Each year, YWCA Central Carolinas honors three generations of women who have enhanced social justice in the Charlotte community. Their lives exemplify YWCA’s mission to eliminate racism, empower women, and promote peace, justice, freedom and dignity for all. This year’s ceremony was held virtually. We used Wonderworld‘s West End Studio space for our in-person event with the honorees, and utilized their talented team for all streaming and filming needs.
If you missed our virtual event, or would like to rewatch it, you can do so below!
Meet our 2020 Women of Achievement
Ashley Jackson, Emerging Leader
Ashley Jackson is committed to becoming the change she wants to see. She uses her own experience of growing up with a father who has been federally incarcerated for a non-violent drug-related offense since she was 6 months old to become a resource for those directly impacted by mass incarceration.
She is currently an Actionist with We Got US Now, in their 3-year leadership program which focuses on actively engaging, educating, elevating and empowering those directly impacted by family members in the prison industrial complex. She speaks out for the rights of those incarcerated, inspired by the relationship she has been able to forge with her father throughout decades and distance.
Valaida Fullwood, Community Champion
Valaida Fullwood is a nationally recognized author, speaker, consultant and philanthropist. Her award winning hardback book called Giving Back was named one of the 10 Best Black Books of 2011 and received the prestigious 2012 McAdam Book Award, which recognizes “the most inspirational and useful new book for the nonprofit sector.”
Valaida Fullwood is a nationally recognized author, speaker, consultant and philanthropist. Her award winning hardback book called Giving Back was named one of the 10 Best Black Books of 2011 and received the prestigious 2012 McAdam Book Award, which recognizes “the most inspirational and useful new book for the nonprofit sector”. Valaida is a recognized thought leader on African American philanthropy and community-led philanthropy and is frequently invited by a variety of groups to write, talk and consult on the topic. She is featured in a 2013 TEDx Talk on philanthropy and was named the 2014 Lake Distinguished Visitor at Indiana University Lilly Family School of Philanthropy. In 2015, Valaida collaborated with HBCUs, museums and other cultural institutions to launch the multimedia, touring exhibition Giving Back: The Soul of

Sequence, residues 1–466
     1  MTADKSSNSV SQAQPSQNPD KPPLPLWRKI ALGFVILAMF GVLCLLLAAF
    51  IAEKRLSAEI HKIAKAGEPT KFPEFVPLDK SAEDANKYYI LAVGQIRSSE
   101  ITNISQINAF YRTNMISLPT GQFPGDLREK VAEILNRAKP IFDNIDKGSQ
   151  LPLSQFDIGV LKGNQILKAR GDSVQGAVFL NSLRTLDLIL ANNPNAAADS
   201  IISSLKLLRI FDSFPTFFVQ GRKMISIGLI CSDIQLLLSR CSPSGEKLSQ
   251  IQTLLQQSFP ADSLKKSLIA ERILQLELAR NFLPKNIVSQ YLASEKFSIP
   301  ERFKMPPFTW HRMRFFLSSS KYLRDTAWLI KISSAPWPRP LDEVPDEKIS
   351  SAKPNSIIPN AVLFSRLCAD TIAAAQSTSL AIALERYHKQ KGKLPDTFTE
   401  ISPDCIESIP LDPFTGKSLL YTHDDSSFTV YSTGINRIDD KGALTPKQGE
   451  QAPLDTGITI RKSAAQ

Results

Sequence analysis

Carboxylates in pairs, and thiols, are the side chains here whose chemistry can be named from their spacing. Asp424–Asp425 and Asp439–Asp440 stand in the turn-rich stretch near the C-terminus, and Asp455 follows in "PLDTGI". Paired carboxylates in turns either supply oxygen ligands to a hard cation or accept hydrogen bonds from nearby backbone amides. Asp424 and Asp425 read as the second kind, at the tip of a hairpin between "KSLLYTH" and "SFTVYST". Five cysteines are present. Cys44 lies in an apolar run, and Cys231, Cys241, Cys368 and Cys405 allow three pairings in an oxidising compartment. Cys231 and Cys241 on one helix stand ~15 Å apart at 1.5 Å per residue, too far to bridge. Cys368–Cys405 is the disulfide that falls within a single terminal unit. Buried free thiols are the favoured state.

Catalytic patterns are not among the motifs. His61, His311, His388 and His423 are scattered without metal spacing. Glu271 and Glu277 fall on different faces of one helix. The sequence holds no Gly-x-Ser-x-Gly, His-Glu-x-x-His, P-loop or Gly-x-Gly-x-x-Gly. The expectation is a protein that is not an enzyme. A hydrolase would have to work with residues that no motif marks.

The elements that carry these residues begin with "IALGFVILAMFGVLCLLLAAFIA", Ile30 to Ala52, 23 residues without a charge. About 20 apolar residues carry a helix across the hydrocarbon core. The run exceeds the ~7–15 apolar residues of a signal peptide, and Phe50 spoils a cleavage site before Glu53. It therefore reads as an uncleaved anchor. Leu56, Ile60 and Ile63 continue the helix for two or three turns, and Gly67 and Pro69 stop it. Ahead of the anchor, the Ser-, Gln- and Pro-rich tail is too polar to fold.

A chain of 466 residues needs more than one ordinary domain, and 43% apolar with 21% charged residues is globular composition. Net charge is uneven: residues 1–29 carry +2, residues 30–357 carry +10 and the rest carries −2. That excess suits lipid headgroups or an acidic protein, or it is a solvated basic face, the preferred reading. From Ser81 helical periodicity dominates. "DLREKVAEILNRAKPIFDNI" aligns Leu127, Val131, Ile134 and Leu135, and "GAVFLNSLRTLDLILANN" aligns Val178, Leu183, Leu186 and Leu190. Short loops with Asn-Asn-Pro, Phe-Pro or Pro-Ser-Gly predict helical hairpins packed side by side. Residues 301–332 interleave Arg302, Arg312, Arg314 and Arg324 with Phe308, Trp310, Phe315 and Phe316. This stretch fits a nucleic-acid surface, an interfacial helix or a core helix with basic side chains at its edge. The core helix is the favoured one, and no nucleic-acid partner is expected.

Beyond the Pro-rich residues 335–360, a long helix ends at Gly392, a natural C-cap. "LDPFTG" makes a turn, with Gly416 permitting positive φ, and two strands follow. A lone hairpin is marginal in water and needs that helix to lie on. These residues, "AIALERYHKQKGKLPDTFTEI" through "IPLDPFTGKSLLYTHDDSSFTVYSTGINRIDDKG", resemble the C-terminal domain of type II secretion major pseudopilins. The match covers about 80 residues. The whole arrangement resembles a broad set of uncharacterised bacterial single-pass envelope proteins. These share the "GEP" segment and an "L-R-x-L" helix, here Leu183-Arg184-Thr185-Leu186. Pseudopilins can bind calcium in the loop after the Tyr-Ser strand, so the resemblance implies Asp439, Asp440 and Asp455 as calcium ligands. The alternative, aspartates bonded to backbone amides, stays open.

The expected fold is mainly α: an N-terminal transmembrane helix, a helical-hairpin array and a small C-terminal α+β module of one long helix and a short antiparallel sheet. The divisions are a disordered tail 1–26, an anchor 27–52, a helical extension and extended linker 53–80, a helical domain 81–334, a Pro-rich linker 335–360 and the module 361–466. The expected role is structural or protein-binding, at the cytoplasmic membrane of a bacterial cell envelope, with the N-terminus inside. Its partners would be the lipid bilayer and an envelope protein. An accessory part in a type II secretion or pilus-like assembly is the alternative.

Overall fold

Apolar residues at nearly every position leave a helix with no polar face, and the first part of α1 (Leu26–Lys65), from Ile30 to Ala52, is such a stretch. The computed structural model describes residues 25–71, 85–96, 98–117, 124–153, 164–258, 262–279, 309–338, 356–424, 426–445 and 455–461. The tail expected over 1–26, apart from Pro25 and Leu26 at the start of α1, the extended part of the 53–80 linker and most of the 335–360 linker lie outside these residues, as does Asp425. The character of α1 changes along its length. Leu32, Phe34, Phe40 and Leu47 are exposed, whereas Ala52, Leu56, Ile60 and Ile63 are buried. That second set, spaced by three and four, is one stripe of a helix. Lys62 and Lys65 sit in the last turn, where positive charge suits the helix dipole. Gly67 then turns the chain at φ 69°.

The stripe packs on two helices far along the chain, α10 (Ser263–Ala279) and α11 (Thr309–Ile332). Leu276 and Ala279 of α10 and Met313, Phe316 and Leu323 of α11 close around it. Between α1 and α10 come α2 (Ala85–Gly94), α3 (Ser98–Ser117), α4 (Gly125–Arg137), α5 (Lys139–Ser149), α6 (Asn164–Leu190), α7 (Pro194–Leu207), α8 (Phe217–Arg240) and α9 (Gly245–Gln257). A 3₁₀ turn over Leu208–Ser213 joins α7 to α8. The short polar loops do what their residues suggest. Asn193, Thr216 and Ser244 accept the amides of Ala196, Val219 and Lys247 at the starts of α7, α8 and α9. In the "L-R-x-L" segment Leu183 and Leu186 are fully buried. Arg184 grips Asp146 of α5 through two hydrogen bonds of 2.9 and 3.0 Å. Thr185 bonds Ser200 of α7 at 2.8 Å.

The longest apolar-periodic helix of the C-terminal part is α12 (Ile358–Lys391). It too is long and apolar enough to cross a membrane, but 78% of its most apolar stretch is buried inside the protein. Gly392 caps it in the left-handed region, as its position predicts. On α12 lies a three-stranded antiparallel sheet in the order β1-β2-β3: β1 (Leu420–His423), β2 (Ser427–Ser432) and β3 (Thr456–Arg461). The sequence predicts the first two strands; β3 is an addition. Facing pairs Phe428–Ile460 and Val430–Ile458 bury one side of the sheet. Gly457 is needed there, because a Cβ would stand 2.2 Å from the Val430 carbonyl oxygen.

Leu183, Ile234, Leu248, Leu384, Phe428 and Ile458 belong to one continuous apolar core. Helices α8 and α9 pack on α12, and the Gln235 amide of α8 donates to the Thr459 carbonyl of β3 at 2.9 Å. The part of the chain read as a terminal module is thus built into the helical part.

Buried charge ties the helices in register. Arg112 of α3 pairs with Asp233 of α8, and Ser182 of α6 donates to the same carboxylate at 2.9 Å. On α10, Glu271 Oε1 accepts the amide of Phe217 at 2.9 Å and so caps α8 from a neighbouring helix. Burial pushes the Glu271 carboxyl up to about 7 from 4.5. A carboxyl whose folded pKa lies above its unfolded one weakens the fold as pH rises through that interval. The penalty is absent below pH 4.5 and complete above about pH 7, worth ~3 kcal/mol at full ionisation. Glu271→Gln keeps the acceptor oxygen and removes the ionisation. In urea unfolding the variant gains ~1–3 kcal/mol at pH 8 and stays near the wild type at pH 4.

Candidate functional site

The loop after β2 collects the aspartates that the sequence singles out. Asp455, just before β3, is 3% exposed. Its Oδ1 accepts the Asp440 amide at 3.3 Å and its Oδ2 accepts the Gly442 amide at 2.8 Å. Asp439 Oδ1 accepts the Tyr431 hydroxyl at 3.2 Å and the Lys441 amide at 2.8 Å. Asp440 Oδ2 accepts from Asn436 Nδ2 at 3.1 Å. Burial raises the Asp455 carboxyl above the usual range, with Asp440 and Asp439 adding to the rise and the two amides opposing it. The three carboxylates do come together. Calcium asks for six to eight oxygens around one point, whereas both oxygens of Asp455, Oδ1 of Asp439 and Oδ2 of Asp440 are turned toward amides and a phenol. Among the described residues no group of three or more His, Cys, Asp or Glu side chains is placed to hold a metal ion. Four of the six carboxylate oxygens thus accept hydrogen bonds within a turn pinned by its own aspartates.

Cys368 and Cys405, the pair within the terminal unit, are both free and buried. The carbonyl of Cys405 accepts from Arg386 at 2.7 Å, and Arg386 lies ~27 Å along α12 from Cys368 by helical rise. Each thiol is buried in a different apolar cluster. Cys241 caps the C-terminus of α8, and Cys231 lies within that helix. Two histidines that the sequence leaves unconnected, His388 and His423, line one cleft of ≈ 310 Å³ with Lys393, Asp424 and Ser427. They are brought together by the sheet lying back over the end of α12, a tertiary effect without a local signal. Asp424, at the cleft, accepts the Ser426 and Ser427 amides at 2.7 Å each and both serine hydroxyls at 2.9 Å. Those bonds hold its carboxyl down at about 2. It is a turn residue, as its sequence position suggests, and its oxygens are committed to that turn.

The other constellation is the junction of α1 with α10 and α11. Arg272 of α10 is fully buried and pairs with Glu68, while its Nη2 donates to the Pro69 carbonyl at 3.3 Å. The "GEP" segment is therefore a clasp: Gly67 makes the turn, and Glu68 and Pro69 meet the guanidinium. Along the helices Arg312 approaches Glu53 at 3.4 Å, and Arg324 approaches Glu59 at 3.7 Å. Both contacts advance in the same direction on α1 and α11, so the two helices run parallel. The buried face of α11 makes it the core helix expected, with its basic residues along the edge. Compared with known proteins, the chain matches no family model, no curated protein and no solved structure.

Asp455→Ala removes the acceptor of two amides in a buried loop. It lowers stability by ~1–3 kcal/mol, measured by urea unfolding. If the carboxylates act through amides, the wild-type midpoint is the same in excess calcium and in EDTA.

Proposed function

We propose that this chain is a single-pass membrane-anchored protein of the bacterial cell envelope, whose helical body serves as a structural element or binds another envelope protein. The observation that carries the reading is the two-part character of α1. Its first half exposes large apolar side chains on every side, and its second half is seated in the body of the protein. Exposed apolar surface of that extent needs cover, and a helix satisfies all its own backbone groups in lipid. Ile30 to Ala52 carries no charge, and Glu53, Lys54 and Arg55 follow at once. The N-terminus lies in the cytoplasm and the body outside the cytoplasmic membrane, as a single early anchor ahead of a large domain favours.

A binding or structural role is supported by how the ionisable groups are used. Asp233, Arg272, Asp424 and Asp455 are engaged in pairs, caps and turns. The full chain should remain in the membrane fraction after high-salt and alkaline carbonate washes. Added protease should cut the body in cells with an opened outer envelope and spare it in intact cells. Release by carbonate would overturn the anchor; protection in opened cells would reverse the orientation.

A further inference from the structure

Philanthropy Reframed and Exhibited. The exhibit impacted thousands of people in Charlotte and across the country.
Valaida has been instrumental in changing the narrative around Black philanthropy. She was tapped by Dr. Jackie Bouvier Copeland to be a co-architect of Black Philanthropy Month (BPM), to scale up the annual campaign and invite widespread public participation. Locally, Valaida co-founded the New Generation of African American Philanthropists (NGAAP), a giving circle that values preserving culture, building community and sharpening philanthropy’s social impact for racial equity and equality. As a member of NGAAP, Valaida led the BOLD Project, to identify and accelerate the growth of Black-led organizations in Charlotte. The ultimate goal of the BOLD Project is to produce different and more just outcomes for Black Charlotteans and the widening spectrum of marginalized groups and communities of color.
Judy Seldin-Cohen, Lifetime Advocate
For the last decade, Judy Seldin-Cohen has been a champion for justice, primarily focused on affordable housing in our community. While sometimes Judy works in public ways, most of her work has happened quietly, behind the scenes, supporting others. Her work is marked by its focus on outcomes and support for collaboration.
Judy partnered with Ben Hill, to become champions for a localized rental subsidy resource. A Way Home was born, and through their passion and the support of Foundation for the Carolinas, achieved a remarkable $10 Million public commitment and now more than $10 Million private commitment. Last year, when the County passed additional rental subsidy funding, Judy worked countless hours behind the scenes to create a parallel program known as MeckHOME, increasing the impact of the A Way Home infrastructure.
Judy’s practical program work is matched with her fearless and effective advocacy. She became the original lead organizer for the Greenspan Center’s housing work, and played a critical role in the City’s new Housing Framework, which dedicated 20% of Housing Trust Fund monies to those at 30% AMI.
Learn about the awards
Thank you to local ceramic artist Danielle Carelock for creating this year’s Women of Achievement awards.
To learn more about Danielle, her connection to YWCA Central Carolinas and the 2020 award pieces she created watch the video below!